Dr. Gruzca believes more cross-talk between alcohol and addiction researchers and those who study obesity might help find new ways of treating it.
Drugs like Contrave might begin addressing the brain's reward system which causes food cravings.
Getting social support might hel, too.
"People who make a commitment to others that they'll alter their behavior are usually more successful," he said.
Committing to "sponsors" is a method used by Overeaters Anonymous, a 12-step program that formed in 1960 and is patterned closely after Alcoholics Anonymous.
At a meeting in Kirkwood, Mo., one evening, four women sat around a table, talking about their issues with food. One described how she learned a few days earlier that a co-worker had died. Her first instinct, she said, was to eat potato chips.
She described staring at a bag of them for several minutes, much like an alcoholic might stare at a bottle of liquor when struggling to stay on the wagon.
She finally talked herself down and went to commiserate with other co-workers.
Participants at Overeaters Anonymous are encouraged to admit their powerlessness over food, then practice abstinence by creating specific eating plans and, in some instances, eliminating foods that trigger bingeing.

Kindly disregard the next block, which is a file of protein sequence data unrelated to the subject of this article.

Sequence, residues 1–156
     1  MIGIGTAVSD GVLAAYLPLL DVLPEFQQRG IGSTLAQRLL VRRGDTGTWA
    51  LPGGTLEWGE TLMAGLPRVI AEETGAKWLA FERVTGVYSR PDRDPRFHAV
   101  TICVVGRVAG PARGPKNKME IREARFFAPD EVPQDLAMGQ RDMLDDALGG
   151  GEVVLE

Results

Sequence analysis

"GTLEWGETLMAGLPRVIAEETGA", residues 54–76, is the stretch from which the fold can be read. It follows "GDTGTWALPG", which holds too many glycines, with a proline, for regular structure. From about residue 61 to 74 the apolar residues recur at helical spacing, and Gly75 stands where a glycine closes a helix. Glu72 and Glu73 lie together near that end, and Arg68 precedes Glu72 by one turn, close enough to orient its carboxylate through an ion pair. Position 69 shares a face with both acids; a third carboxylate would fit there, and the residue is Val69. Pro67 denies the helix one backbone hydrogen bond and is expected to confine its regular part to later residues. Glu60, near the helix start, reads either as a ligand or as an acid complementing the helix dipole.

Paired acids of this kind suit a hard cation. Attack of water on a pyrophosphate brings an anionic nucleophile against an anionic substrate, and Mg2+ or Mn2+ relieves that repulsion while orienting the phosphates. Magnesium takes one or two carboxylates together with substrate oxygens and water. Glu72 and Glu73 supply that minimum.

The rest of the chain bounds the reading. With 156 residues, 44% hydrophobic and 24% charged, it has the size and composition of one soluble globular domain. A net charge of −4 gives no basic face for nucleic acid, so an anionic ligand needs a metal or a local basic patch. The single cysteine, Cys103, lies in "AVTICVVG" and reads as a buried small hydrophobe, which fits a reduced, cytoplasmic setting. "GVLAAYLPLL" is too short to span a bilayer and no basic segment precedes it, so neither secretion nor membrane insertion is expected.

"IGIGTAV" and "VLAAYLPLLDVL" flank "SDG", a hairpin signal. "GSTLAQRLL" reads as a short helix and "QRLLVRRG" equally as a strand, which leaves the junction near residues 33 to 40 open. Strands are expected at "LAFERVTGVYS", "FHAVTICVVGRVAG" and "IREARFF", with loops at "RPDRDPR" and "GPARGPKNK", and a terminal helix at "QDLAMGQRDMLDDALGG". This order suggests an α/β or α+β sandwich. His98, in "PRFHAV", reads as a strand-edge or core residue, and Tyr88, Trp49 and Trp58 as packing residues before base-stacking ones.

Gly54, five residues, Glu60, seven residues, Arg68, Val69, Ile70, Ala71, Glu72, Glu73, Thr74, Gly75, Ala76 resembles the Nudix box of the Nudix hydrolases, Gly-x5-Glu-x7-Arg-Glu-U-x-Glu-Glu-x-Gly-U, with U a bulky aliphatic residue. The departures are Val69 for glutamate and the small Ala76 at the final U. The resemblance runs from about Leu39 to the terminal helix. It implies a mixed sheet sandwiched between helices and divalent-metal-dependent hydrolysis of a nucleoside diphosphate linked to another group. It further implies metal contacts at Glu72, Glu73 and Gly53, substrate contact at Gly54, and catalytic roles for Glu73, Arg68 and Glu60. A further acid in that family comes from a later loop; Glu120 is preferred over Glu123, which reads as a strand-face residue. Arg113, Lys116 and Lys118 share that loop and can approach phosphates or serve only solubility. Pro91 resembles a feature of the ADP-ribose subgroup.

But a lot of eating disorder experts aren't comfortable with banning "trigger" foods.
"As soon as you say I'm never ever going to eat that food, you've now made it the most desirable food in the world, and you can't stop thinking about it," said Randall C. Flanery, director of Webster Wellness Professionals.
Specialists at the eating disorders group in Webster Groves, Mo., prefer to help clients with compulsive eating issues cope with underlying feelings and structure their environment for healthy eating.
Mr. Flanery believes "trigger" foods often have personal significance to the overeater.
"We all have our comfort foods which we think of when we're stressed to soothe ourselves," he said. "But how much is due to the nutritional composition of food and how much is due to the meaning and past associations with that food?"
He recommends eating "trigger" foods when you're not hungry and are better able to stop after a small portion.
Experts only can speculate right now why women seem more susceptible to compulsive overeating than men. But they have some theories.
"We see much higher rates of depression and rumination disorders with women," said Rob Welch, assistant professor of psychiatry at Washington University. "They tend to be more focused on failures and problems they might have or relational difficulties."
Food, particularly high-calorie, high-fat ones, can be soothing in those instances, he said. That's why we call stuff like macaroni and cheese and mashed potatoes comfort food.
He also said that men might turn to alcohol more readily than women.
"If you have 3-year-old children running around the house and you're half in the bag, that's frowned upon," he said. "It's much more socially acceptable to overeat than drink."